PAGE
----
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We Can’t Kill the Houston Texans – Even If We Want To

After beating the Colts on Sunday, Houston sits atop the AFC South – and how they got there is much more amazing than their 7-7 record

Brandon Wheedon; Colts; Texas; NFL

Brandon Weeden –yes, that Brandon Weeden – leads the Texans past the Colts.

Andy Lyons/Getty

Somebody has to win the AFC South – it might as well be the Houston Texans.

Correction: The Houston Texans featuring Brandon Weeden. And after Sunday’s 16-10 win over the Indianapolis Colts, that’s exactly the case. The Texans are 7-7, with a one-game lead in one of football’s most putrid divisions. It’s an accomplishment, yes, but it also goes to a larger point: No matter how bad your record, you still have a shot in this upside-down NFL season.

The Seattle Seahawks clinched a playoff berth after starting 2-4. The Kansas City Chiefs are just one game back of the Denver Broncos after starting 1-5. Someone will win the NFC East, almost by default. But perhaps no team currently in position to make the playoffs more deserves a double take than the Texans – a team that was 2-5 following an embarrassing 44-26 drubbing at the hands of the hapless Miami Dolphins, and appeared ready to fold.

At that point, Houston coach Bill O’Brien had to wonder if he’d soon be joining recently deposed Dolphins coach Joe Philbin on the golf course. After all, it was O’Brien who was heavily featured on HBO’s Hard Knocks in the preseason, and it was difficult to tell if that did him any favors. Peering behind the scenes in Houston, the cracks were starting to show for a team that had gone 9-7 a year earlier: The shaky health of star running back Arian Foster, the lack of a number two wide receiver and O’Brien’s wishy-washy status on naming a starting quarterback.

Of course, all of those cracks soon became full-blown crevasses. Foster went on injured reserve, Houston still doesn’t have a compliment to DeAndre Hopkins and the quarterback situation has continued to haunt them all year.

It’s not like there were a wealth of options at the position. Brian Hoyer and Ryan Mallett competed for the starting job in the preseason, and O’Brien eventually handed the reins over to Hoyer – saying there wouldn’t be a short leash on his QB. Turns out, he was kidding: Hoyer was pulled in Week 1, Mallett took the job in Week 2, the Texans lost three of his four starts and Hoyer was back in again.

Yet unbelievably (and thanks in no small part to the efforts of the NFL’s best defensive player, J.J. Watt), Houston is now possibly one win away from going to the postseason and hosting a playoff game. O’Brien must feel pretty good about his job status, even if he feels really terrible about his quarterback situation.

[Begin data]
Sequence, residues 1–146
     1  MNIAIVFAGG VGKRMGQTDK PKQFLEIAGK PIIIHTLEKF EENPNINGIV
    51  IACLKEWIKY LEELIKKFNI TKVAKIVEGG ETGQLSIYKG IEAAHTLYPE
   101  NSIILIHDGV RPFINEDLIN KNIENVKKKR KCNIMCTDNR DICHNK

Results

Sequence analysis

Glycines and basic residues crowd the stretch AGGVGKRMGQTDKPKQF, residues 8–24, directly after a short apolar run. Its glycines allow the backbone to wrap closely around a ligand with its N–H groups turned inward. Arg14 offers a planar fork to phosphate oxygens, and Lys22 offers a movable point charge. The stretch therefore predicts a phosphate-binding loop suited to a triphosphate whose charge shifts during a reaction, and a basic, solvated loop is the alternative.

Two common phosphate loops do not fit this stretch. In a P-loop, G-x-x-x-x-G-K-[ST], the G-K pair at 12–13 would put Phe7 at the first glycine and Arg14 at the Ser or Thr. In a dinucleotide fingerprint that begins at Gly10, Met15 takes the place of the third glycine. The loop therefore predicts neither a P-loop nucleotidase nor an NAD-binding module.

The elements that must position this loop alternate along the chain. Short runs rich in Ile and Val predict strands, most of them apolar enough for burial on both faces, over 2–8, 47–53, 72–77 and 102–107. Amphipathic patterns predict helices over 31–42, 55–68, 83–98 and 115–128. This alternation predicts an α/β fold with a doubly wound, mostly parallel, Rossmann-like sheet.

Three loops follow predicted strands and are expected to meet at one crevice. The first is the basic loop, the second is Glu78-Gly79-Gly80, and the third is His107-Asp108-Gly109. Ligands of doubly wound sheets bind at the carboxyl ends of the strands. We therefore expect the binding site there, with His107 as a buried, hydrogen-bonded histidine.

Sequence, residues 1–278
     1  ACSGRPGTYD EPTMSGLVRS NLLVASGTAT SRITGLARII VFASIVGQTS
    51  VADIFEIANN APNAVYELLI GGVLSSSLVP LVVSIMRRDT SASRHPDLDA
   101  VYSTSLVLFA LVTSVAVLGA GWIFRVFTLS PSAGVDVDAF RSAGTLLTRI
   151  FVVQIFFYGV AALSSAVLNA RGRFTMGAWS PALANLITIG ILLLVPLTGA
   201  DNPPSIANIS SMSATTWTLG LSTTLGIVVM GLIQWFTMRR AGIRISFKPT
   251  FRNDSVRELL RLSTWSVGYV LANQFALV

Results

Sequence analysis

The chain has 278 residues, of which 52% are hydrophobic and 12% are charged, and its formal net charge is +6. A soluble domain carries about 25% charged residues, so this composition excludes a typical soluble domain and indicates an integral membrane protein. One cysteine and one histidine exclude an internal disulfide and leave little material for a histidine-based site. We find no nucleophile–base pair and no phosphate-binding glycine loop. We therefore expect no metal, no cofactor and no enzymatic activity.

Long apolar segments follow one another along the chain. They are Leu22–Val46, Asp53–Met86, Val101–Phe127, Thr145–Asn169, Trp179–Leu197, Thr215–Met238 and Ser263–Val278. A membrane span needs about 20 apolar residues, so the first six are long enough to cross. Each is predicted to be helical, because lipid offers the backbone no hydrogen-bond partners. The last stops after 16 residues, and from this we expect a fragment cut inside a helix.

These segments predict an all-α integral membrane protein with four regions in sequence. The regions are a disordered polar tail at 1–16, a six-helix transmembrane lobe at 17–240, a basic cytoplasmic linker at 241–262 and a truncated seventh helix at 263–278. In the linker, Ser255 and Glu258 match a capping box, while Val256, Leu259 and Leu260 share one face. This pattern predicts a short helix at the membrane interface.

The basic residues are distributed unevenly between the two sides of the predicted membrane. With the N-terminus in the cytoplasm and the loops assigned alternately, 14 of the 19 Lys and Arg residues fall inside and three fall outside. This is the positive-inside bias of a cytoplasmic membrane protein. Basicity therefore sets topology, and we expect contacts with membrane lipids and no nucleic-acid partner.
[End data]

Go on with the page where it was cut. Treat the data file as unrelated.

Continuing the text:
Hoyer suffered a concussion against the New England Patriots last week and that opened the door for T.J. Yates, who wasn’t with an NFL team until the Texans signed him in October to replace Mallett. But Yates tore his ACL against Indianapolis on Sunday, which meant that not only was his season over, but Weeden’s was now beginning again. Weeden, who made three starts for Dallas earlier this season and lost all of them, came in for Houston just a month after being signed following his release by the Cowboys.

He went 11-of-18 for 105 yards with one touchdown and no interceptions, leading the Texans to their first lead in the division this season. He could now become the fourth quarterback to make a start for Houston this year, and potentially even do something even more unbelievable – start a playoff game. The Texans’ final two games are against the 3-11 Tennessee Titans and 5-9 Jacksonville Jaguars, two teams that they’ve already beaten this season.

Unlike the Colts – or, really, anyone else in the AFC South – Houston may not have a franchise quarterback, but as of today, they have something better: A division lead, and a playoff berth within their grasp. They can find their QB someday; if these Texans have taught us anything, it’s that they’ve learned to patiently persevere. Sometimes good things come to those who wait.

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